Change of Calibre for a 416 Rigby

8x68

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As mentioned above the 450 Rigby would be the logical choice as it is a 416 case necked up to .458. I have a CZ 550 in 450 Rigby and it definitely is a powerhouse at both ends. You basically have a 460 Weatherby without the belt. It is an exceptionally accurate calibre.
 

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Exellent well the better animal wins if I survive the recoil or it survives the hit ...

Actually have an 8x68 voere titan ii ...if you know of a magazine as mine is missing one ..
 

bassasdaindia

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a word of caution, dont make the rifle muzzle heavy. a muzzle heavy rifle will deliver its recoil strait back which will exaggerate felt recoil. use a barrel that wont be too light but not heavy either, then add weight to the forgrip and butt of the stock to bring the overall weight to 11 pounds. balance is extremely important with large bore rifles!

-matt
@matt85 , how is the extra weight added to the fore grip , adding weight only to the stock makes the rifle lob sided when carrying ?
 

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Bassasdainda when I need to weight the forward part of the rifle to get the proper balance, I take some tungsten powder (Used for weighting golf clubs, lead powder would also work) mix with epoxy and drill a couple small shallow holes in the barrel channel until I get the balance right.
 

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As mentioned above the 450 Rigby would be the logical choice as it is a 416 case necked up to .458. I have a CZ 550 in 450 Rigby and it definitely is a powerhouse at both ends. You basically have a 460 Weatherby without the belt. It is an exceptionally accurate calibre.

i dont think id run the gun at 460 wby levels... thats more power and recoil then one needs from a 458.

@matt85 , how is the extra weight added to the fore grip , adding weight only to the stock makes the rifle lob sided when carrying ?

there is usually enough meat on the stock to add some lead shot in the forgrip. i believe my 505 Gibbs actually has a lead cylinder inside the forgrip.

-matt
 

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i dont think id run the gun at 460 wby levels... thats more power and recoil then one needs from a 458.



there is usually enough meat on the stock to add some lead shot in the forgrip. i believe my 505 Gibbs actually has a lead cylinder inside the forgrip.

-matt
When I was searching for reloading data for the 450 Rigby I had contacted several PH's and Park Rangers in S.A who use the calibre. I had posed several questions to them. Since they used Somchem powders that we do not have access to Karl Stumpfe said to me to take the 460 Weatherby reloading data and reduce by 5%.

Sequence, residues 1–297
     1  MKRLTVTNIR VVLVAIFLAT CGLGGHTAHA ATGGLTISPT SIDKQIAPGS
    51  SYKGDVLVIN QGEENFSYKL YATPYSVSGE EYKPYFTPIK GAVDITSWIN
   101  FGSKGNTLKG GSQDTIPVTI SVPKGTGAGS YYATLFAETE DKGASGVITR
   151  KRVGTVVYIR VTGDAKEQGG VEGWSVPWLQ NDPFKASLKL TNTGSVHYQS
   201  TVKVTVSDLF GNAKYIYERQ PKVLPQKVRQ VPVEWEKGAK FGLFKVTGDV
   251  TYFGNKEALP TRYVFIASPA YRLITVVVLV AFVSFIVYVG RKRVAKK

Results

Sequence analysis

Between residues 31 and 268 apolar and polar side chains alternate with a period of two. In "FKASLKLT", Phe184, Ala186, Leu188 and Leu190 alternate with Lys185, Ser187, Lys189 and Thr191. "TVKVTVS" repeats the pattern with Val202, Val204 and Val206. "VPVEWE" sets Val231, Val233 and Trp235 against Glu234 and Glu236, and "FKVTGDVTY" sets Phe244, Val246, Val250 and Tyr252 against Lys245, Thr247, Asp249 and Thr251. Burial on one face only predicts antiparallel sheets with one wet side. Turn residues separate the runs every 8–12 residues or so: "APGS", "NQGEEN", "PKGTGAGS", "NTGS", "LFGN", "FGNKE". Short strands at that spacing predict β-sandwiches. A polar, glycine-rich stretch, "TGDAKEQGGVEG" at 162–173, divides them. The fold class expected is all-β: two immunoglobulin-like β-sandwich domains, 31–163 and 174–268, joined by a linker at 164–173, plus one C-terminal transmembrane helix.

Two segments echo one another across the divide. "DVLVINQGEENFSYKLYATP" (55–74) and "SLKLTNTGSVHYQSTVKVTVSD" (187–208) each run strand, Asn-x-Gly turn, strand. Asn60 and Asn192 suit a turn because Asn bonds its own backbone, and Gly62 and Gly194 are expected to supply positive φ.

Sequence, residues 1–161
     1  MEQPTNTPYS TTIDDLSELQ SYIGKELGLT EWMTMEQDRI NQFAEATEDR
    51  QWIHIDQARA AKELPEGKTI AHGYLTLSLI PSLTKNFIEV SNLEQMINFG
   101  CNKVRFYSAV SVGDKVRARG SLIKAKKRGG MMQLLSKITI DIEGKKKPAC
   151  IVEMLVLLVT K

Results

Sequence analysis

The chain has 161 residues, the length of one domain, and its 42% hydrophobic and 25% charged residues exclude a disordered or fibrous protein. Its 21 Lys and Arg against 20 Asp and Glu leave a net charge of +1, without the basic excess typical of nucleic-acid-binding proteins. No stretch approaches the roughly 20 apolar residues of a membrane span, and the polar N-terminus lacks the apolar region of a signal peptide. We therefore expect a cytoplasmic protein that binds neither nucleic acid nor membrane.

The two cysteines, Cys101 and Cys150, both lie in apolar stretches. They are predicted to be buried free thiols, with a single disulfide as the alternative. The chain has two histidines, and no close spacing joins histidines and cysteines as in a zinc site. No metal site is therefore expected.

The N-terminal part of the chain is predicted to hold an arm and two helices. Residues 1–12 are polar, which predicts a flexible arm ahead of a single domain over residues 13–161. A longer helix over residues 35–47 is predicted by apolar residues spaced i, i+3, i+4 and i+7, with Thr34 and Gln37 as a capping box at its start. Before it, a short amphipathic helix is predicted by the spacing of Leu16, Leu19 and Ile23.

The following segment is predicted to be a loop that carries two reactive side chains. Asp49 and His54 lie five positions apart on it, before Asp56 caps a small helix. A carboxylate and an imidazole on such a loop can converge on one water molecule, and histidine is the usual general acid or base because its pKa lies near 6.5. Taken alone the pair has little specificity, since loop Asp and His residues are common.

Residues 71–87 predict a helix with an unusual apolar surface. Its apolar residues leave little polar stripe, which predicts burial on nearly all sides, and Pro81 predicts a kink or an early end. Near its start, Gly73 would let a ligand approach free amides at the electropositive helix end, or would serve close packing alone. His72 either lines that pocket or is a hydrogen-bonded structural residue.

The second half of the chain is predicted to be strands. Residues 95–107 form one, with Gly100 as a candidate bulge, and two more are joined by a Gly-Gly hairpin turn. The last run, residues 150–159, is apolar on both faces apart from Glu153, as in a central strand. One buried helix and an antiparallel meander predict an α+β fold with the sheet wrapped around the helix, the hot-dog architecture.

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I would favour the 450 Rigby.

Regarding felt recoil. I have found the weight of the rifle to be the last thing I worry about trying to reduce felt recoil. Stock fit and material, I have found to be more important. example. The CZ550 in 375H&H weighted 3 lbs more than my Rem 700 in same calibre. The 700 is in a cheap SPS plastic stock but felt recoil is noticeable less then in the CZ. I have replaced the wood stock on my CZ550 416 Rigby with a lighter synthetic stock, far better fit, and the felt recoil is somewhat less then with the heavier and not as well fitting wood stock. Just my experience.
 

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I would favour the 450 Rigby.

Regarding felt recoil. I have found the weight of the rifle to be the last thing I worry about trying to reduce felt recoil. Stock fit and material, I have found to be more important. example. The CZ550 in 375H&H weighted 3 lbs more than my Rem 700 in same calibre. The 700 is in a cheap SPS plastic stock but felt recoil is noticeable less then in the CZ. I have replaced the wood stock on my CZ550 416 Rigby with a lighter synthetic stock, far better fit, and the felt recoil is somewhat less then with the heavier and not as well fitting wood stock. Just my experience.

Same experience. I had a CZ 550 in 375 H&H (it grew up to be a 500 Jeffery). Nice rifle, but recoil was sharper with the 9 lb CZ than with our Rem XCR II shooting 375 H&H factory loads which weighs 7.25 lbs with scope! Wouldn't want to shoot a 7.25 lb 500 Jeffery though ...
 

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I would favour the 450 Rigby.

Regarding felt recoil. I have found the weight of the rifle to be the last thing I worry about trying to reduce felt recoil. Stock fit and material, I have found to be more important. example. The CZ550 in 375H&H weighted 3 lbs more than my Rem 700 in same calibre. The 700 is in a cheap SPS plastic stock but felt recoil is noticeable less then in the CZ. I have replaced the wood stock on my CZ550 416 Rigby with a lighter synthetic stock, far better fit, and the felt recoil is somewhat less then with the heavier and not as well fitting wood stock. Just my experience.

agreed, weight is less important then fit. BUT weight is still very important if you value your body. as colorado said "Wouldn't want to shoot a 7.25 lb 500 Jeffery though".

my 505 Gibbs weighs 11 pounds 4 ounces with its optic and i wouldnt want it any lighter then 11 pounds! i can throw a 570gr bullet at 2300fps or a 600gr bullet at 2250fps without beating myself up too much at this weight. i could probably do 10.5 pounds if i reduced the speeds to standard NE levels but i still prefer 11 pounds.

-matt
 

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